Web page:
“Unless their friend has the item or they saw someone playing with it, it’s unlikely they will have seen it [outside the store],” he said.

“We have to think differently and reinvent, and we have to be able to help you with an idea or what you want,” he said.

He reminded other small business owners not to compare this year’s sales with last year’s.

He said changes to the economy are “tremendous” and that this year should “our base year” to compare against. “When we compare against last year, it’s totally different,” he said.

Just like at The Toy Box, shoppers are finding what they want inside Barrett Bookstore rather than shopping online.

While the store still takes some website orders, these have eased up, store employees said.

“Most people are now coming in,” said employee Yvette Morgan. “They’re learning the advantages of discovering a book instead of knowing what you want.”


Jensen said that the entire town is going through the same struggles together and therefore, should “all should look out for one another — just like we all wear masks to protect each other.”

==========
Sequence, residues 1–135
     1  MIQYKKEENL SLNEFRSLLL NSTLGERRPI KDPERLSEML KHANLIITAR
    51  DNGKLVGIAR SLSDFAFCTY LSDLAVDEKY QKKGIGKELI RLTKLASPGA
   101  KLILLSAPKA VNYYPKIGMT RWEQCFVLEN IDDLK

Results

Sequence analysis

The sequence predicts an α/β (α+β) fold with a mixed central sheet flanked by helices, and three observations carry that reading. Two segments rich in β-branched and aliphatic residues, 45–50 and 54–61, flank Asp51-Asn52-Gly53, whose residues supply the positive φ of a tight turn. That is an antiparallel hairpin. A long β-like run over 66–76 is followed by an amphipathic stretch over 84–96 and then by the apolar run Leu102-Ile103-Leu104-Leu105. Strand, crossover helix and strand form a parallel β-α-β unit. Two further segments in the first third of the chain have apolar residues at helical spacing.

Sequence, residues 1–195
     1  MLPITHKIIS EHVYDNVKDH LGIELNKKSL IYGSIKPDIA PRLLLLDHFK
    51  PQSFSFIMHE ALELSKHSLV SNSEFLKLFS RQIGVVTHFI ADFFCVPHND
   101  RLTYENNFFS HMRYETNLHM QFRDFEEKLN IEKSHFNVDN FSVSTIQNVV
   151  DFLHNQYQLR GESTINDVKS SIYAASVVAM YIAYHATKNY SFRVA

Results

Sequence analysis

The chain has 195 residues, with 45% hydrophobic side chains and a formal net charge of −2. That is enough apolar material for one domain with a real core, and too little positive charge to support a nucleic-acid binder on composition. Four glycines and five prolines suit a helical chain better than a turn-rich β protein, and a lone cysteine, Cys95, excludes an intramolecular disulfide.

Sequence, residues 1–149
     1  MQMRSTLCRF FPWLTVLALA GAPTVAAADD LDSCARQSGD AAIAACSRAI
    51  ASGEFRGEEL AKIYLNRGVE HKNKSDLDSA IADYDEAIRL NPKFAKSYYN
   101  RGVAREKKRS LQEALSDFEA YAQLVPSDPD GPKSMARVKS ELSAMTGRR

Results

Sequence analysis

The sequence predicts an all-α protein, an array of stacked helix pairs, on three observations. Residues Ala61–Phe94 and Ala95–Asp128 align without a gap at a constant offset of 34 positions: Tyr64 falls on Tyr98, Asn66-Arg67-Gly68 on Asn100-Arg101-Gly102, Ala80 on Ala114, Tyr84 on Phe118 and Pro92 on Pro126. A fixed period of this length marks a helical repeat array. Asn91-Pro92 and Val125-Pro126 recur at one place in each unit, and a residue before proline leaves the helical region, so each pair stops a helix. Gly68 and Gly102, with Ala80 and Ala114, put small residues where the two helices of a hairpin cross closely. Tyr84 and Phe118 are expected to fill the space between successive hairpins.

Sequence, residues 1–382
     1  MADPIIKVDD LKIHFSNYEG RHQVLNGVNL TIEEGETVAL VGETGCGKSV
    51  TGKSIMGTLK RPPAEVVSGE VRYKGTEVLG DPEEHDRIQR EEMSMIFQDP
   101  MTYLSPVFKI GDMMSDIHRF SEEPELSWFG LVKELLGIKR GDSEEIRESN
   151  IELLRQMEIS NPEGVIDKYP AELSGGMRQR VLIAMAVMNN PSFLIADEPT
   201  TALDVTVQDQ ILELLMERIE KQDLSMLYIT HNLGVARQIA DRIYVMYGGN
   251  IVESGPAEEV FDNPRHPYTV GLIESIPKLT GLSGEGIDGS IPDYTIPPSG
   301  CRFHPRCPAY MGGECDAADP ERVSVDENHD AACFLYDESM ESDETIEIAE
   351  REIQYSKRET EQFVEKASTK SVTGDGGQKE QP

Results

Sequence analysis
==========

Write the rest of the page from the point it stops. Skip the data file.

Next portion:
Katherine Apuzzo of Wilton, who works at Espresso NEAT, said shopping local “keeps the community together. It’s been really cool to see Darien come out and support the shops on Grove Street and the shops that we have here.”

Apuzzo added supporting one another ensures that “I can still live around here, get to work on time, maintain my connections with the friends I’ve made working behind the shop — and I can only do that if the owner is supported in that way.

“The importance of shopping local is like home — take care of your home and your neighbors, and the community will be a brighter and better place,” she said.

Megan Searfoss, owner Darien Running Company, said the community has greeted her very warmly since she opened three weeks ago.

“It’s been great how welcoming the community is,” adding the store is using Darien Summer Sales Days as its kick-off event.

Joining forces

Rob Van Keuren, owner of Flour Water Salt Bread, is now doing local collaborations with other shops in town.

“We do a collaboration on Thursday night for pizza night. Darien Cheese [& Fine Foods] and our chefs do a collaborative pizza. It’s our sourdough crust and a super special cheese from them,” he said.